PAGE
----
Do you remember the Gospel in which Jesus says, “Do not suppose that I have come to bring peace to the earth. I did not come to bring peace, but a sword”?
Many times it is difficult for us to hear and to understand this. And I imagine that I am not the only one that has thought more than once, “Why did Jesus have to say that?”
Now, as I grow in my spiritual journey, time and time again, I realize that the problem lies in myself and not in Christ’s words. Today’s video by the Blimeycow channel on Youtube offers a fun, slightly sarcastic, and interesting video about this experience.
A Deeper Look
There is always a temptation to soften the words and teachings of Christ. This temptation can become even more seductive when we are called to teach these teachings to others. So, what happens? We begin to rationalize, to put our spin on things, we start living and teaching the famous “Jesus according to Me” doctrine.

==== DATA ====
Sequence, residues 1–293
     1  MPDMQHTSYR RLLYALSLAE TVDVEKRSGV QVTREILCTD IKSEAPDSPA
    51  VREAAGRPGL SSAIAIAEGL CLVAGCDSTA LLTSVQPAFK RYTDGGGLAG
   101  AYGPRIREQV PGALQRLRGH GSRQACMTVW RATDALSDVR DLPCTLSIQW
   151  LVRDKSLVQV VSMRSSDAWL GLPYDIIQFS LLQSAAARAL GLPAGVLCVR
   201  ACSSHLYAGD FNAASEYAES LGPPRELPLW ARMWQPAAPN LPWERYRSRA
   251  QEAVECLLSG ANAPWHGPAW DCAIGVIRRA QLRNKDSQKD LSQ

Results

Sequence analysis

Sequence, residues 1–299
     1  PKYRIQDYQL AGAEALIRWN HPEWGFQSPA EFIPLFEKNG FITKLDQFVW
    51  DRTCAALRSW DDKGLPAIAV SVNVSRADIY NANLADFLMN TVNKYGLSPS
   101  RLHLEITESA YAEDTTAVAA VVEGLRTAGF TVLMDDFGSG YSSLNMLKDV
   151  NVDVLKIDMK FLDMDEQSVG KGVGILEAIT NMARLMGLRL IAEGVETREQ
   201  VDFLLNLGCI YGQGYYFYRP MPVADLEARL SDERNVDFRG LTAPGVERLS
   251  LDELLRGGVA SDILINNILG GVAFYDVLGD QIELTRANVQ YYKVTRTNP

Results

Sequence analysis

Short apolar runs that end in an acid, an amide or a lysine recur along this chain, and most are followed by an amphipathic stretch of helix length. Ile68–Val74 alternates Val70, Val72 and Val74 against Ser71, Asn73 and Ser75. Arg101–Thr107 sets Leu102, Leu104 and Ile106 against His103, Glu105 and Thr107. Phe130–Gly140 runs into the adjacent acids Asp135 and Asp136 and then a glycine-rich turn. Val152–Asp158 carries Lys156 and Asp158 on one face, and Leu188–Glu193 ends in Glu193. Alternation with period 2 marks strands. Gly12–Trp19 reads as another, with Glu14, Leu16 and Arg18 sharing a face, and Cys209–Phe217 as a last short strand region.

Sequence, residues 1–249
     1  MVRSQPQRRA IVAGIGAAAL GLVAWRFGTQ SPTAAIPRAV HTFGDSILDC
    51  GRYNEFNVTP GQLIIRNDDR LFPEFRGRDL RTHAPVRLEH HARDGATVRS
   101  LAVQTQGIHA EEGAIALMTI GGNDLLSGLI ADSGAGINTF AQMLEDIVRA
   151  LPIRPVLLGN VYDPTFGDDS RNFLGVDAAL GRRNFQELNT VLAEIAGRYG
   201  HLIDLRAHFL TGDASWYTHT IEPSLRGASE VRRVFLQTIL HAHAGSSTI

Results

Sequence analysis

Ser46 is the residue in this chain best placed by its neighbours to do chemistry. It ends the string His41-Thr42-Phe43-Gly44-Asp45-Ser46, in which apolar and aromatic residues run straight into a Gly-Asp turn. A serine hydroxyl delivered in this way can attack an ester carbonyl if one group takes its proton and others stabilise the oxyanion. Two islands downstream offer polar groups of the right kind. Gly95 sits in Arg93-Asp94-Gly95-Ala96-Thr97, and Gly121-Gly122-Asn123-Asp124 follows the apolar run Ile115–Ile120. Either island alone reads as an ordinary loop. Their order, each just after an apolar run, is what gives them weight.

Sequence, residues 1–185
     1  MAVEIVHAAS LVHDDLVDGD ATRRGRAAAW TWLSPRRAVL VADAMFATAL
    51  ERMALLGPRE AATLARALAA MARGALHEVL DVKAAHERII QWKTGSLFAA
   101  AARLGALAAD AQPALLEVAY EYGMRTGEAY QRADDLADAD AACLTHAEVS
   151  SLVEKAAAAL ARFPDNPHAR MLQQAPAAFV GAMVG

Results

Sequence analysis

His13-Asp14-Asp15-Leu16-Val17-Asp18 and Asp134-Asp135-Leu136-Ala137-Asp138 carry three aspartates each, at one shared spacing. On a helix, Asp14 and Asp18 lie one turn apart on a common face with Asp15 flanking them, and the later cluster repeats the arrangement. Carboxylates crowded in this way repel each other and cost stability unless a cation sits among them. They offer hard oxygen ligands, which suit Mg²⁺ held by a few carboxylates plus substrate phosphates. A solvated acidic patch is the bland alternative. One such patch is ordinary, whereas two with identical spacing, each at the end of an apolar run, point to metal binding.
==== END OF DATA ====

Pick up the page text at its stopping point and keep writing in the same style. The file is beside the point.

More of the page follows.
At the bottom, it comes down to a matter of trust and faith. Christ never promised that following him would be easy, comfortable, or conformable with the present day way of thinking and living. Many times, He did just the opposite. But, if we think about it… are our life goals so mediocre? Are we willing to sacrifice a life of greatness for one comfortable conformity? I am always amazed so see the hardships and trials that an artist, an athlete, or a soldier will go through to reach their goal and perfect their art. And many times they are praised for their rebelliousness, their radicalness, their self-sacrifice. Are we not willing to do the same for a heavenly crown?
Thinking like an apostle
When it comes to any difficult belief, we must be aware when teaching it to others. Any good disciple must learn to hold himself or herself to the highest of principles while simultaneously being ever aware of his or her own fragility and failures in reaching those heights. When speaking with others, especially with those who aren’t used to living a life of faith, we must sympathize and make sure that they know what is being asked of them is very difficult. Without ever forfeiting the truth, we must transmit God’s infinite mercy and patience, just as we have experienced in all our lives. Sharing one without the other will lead either to an overly strict and cold imposition or to an overly soft and indulgent pampering. The balance must first be lived in our lives and then transmitted in our apostolate with others.